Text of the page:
When you get right down to it, the reason we get up and go to our jobs every day is because we are given money in exchange for our work. Plus, in order to survive, we need money to pay for things. This is the most basic form of employee motivation that leads to at least showing up, if not some sort of productive behavior.
For most people, employees and managers alike, this basic exchange is not enough to reach the reward and productivity levels everyone desires. The idea is that the more motivation that a manager provides, the more productive an employee will be and the more productive your employees are, the more successful a business will be.
The tricky part is that motivation isn’t one size fits all. One employee might be motivated if their manager is concerned with their personal wellbeing and comfort and provides yoga classes and a triple monitor arm. Meanwhile, another employee might not care about those things and is most motivated by the sales bonus she receives.
So, how do you know how to motivate your employees? Here are six strategies you can try:
One of the most common ways to motivate people is to provide incentive through a reward system. We are trained from a young age to respond to this type of motivation, and it is still effective as adults. For employees motivated by reward, provide incentive in the form of bonuses, vouchers, travel perks or other rewards you might think of.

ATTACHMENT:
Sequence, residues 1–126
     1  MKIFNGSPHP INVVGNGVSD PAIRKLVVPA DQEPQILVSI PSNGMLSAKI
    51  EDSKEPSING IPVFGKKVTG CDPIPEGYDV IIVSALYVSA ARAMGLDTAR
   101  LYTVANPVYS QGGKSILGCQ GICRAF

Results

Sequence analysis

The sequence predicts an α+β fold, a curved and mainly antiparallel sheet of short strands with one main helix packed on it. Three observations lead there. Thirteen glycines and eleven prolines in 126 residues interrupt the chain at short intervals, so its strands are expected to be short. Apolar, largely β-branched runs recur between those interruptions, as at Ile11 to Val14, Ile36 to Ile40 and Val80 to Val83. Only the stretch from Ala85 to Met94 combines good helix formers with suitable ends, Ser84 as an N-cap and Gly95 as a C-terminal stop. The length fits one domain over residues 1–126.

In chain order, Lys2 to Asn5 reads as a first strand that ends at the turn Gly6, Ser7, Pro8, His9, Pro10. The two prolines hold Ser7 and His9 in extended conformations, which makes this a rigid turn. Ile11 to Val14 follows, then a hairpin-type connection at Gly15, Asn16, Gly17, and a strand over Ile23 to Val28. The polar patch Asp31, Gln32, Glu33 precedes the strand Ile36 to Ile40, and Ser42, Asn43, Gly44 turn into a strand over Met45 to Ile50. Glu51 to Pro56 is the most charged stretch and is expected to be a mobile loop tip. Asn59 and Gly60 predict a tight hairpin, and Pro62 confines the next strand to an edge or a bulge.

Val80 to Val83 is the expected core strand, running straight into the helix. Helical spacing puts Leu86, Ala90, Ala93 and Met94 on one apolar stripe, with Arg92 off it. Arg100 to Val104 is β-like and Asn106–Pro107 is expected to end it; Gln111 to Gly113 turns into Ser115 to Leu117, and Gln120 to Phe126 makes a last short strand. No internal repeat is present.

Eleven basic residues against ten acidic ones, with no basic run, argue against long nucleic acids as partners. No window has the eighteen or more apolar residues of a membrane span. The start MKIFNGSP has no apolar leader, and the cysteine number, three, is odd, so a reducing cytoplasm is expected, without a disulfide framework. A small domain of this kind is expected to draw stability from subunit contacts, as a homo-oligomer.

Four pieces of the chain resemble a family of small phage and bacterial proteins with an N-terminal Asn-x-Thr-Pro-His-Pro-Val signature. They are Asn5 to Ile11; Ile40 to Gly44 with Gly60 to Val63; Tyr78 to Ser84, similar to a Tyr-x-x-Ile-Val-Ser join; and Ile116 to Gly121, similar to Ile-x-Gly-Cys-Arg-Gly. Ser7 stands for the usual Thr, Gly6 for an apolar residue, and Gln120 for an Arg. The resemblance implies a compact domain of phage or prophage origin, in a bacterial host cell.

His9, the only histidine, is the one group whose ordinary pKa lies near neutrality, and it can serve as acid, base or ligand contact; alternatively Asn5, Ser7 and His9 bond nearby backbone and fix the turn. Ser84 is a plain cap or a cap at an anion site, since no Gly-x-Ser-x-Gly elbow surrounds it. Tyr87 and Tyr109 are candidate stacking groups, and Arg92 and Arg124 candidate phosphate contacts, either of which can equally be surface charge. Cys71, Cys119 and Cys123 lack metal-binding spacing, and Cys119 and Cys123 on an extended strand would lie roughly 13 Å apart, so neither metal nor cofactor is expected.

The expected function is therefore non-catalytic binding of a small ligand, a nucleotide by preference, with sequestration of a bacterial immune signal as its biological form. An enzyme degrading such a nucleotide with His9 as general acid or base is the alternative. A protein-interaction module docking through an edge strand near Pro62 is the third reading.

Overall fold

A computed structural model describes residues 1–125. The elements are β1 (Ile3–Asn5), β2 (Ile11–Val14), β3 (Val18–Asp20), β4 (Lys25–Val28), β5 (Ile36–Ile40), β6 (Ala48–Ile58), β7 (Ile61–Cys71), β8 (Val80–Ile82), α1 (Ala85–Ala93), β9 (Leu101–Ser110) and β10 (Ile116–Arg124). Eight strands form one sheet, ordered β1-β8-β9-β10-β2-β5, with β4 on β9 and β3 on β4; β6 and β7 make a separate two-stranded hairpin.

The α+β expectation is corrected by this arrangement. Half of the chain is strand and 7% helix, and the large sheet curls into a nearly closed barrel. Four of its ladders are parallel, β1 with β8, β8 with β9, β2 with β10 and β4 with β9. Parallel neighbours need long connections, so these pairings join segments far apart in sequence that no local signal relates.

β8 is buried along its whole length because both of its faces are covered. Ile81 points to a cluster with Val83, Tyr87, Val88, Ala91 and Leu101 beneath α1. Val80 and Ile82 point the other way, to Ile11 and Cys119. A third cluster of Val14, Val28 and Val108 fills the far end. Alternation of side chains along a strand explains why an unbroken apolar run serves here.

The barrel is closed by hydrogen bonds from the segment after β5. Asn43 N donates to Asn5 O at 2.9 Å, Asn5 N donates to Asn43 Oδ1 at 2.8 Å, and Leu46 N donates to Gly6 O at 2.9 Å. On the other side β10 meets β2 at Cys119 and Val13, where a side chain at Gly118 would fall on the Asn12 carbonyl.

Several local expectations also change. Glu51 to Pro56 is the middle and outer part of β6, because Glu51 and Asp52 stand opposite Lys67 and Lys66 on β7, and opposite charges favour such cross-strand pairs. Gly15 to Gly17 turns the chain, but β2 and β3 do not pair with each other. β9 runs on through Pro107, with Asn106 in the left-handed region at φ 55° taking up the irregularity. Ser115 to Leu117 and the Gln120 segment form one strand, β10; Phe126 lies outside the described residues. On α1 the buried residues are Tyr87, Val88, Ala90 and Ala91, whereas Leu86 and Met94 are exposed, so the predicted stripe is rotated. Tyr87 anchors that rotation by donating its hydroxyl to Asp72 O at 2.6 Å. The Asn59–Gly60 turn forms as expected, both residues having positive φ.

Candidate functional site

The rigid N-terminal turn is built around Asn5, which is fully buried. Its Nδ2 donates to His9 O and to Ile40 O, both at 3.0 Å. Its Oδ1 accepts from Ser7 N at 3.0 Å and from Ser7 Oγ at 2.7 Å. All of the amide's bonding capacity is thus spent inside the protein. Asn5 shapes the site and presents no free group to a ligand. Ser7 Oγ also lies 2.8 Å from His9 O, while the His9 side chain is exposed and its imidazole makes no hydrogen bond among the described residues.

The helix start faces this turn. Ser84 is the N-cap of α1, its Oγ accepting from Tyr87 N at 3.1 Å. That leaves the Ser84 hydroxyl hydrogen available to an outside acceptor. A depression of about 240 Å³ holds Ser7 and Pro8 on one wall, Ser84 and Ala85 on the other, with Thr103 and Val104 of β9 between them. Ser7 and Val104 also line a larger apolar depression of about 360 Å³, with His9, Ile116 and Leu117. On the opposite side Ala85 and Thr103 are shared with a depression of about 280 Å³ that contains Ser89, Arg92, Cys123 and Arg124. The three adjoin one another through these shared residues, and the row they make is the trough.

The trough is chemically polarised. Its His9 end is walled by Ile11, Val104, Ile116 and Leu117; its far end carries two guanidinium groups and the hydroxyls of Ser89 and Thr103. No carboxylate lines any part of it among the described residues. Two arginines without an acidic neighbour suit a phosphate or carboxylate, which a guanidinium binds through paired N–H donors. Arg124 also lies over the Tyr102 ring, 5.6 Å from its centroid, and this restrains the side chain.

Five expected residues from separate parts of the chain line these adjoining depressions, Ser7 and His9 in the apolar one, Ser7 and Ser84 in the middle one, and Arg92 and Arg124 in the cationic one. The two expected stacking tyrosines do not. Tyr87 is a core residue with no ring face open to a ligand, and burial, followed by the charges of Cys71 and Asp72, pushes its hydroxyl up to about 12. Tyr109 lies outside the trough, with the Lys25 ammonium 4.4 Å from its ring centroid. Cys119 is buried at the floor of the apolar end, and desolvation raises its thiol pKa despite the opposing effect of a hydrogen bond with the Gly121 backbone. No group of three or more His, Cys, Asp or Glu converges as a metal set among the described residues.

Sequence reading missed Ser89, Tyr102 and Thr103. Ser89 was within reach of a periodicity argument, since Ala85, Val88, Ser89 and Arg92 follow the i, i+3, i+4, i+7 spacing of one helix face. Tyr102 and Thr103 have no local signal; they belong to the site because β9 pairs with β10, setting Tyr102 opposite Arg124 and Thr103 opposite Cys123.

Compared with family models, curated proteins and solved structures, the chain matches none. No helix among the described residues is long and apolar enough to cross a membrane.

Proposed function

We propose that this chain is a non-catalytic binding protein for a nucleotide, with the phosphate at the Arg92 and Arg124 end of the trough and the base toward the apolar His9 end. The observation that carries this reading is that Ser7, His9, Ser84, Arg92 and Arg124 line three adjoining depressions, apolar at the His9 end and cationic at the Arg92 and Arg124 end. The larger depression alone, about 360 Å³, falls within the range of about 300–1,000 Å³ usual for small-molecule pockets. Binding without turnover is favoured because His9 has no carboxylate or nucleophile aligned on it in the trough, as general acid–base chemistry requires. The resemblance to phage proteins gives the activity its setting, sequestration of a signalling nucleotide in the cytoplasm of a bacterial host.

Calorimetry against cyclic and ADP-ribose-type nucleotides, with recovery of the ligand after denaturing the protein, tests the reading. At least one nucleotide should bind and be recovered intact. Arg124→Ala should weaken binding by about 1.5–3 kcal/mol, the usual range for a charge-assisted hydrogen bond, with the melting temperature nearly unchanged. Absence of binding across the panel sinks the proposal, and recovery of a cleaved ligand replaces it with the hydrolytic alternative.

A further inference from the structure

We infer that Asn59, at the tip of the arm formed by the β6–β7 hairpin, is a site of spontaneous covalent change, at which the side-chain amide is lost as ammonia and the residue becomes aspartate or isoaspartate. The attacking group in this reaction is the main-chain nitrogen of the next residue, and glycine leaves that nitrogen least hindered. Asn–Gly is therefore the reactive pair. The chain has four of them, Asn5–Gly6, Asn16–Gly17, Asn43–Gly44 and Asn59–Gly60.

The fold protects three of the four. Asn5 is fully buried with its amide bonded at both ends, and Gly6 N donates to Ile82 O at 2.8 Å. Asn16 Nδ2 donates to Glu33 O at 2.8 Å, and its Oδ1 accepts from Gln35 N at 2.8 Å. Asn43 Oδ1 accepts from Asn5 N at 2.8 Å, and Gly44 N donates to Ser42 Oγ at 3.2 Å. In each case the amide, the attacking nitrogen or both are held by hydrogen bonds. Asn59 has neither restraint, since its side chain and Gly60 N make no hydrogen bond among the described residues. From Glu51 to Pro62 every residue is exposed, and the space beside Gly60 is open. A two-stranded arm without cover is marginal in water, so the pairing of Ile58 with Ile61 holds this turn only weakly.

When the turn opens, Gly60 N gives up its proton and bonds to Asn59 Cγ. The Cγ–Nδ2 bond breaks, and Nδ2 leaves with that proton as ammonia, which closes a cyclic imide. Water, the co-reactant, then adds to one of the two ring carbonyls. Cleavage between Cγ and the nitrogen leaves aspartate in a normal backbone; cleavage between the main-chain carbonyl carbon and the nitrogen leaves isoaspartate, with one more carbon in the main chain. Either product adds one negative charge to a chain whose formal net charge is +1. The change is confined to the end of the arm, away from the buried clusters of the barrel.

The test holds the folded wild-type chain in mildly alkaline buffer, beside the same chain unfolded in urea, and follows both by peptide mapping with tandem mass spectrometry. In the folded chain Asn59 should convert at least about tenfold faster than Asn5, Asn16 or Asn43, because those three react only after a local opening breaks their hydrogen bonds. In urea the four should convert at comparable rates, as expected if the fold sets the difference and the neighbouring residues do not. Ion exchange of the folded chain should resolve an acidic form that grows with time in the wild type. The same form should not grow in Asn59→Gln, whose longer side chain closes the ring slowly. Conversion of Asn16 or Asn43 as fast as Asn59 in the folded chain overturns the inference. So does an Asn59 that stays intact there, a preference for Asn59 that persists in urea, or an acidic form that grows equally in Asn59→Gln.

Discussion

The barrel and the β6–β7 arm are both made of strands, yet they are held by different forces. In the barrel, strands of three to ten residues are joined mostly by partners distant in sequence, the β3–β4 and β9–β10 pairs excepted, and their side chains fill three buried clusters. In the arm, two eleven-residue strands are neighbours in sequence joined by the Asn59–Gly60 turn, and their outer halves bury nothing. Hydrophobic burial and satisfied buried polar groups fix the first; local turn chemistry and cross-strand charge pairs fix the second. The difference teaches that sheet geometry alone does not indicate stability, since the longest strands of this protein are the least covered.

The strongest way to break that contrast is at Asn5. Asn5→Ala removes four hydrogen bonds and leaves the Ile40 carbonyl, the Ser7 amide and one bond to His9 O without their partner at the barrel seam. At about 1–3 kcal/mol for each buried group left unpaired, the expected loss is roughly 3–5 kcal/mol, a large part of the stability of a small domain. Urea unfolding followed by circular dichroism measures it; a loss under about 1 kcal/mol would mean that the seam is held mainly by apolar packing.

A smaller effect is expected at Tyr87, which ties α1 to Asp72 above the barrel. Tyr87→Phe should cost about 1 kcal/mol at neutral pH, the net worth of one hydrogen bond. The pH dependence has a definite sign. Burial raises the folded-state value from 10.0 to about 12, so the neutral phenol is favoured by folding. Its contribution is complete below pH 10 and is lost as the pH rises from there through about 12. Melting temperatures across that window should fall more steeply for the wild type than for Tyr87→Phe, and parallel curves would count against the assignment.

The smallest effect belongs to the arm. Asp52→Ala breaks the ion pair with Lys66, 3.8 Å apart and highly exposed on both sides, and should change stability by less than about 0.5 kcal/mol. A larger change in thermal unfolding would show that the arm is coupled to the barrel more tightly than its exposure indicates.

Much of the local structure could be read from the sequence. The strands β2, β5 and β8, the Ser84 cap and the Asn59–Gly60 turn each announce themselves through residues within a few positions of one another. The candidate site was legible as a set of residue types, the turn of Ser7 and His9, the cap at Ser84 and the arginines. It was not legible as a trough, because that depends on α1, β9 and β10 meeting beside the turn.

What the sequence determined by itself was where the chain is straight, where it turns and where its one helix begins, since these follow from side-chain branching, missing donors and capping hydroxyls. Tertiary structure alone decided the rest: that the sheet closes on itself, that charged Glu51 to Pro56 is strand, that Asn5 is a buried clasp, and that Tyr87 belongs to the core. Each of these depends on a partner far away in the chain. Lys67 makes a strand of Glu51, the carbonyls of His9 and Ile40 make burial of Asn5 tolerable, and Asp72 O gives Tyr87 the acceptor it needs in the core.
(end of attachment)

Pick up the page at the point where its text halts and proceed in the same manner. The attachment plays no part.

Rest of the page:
Most of us like the good work we do to be acknowledged. We like to feel appreciated and receive credit where credit is due. When you have an employee that is motivated by recognition, the praise they receive will motivate them to put effort into their next tasks in order to receive more praise.
Moving up the corporate ladder can serve as a motivation in its own right, or as a type of reward or recognition. Rewarding or recognising the good work someone does by offering them prestige, a pay rise and increased responsibility is a great motivator for many employees.
To make the most of promotion as a motivator, make sure employees are aware of various avenues of career progression. Offering training and development opportunities would also be very motivating to people interested in career advancement and has the added bonus of even more productivity as employees are trained in added competencies.
Trust is an important, yet often overlooked, motivator in the workplace. Trust works in two ways. Employees want to trust that their manager has their back. This comes with being part of a team. You want to trust your teammates and especially your team leader to look out for you and your best interest.
At the same time, employees want their managers to have trust in them.
When you know your manager trusts you to do your job properly, it can be a motivator in a similar way to recognition. Anyone who has ever suffered through a boss who is a micromanager knows that it’s frustrating to encounter that lack of trust.
Some people are motivated on a more personal level.
These employees feel a sense of reward in doing a job and doing it well due to personal goals or standards they have set for themselves. These employees are motivated by a good fit with their role and with the overall culture of the company.
If employees are genuinely happy and satisfied with their jobs, that is the most compelling motivation of all! Generally, implementing additional motivators, such as those listed above help work towards overall happiness and satisfaction.
The manager/employee relationship is give and take. Motivation and productivity are exchanged in equal quantities, so the more effectively you are able to motivate your employees, the more productive they will be and your company will see the benefits.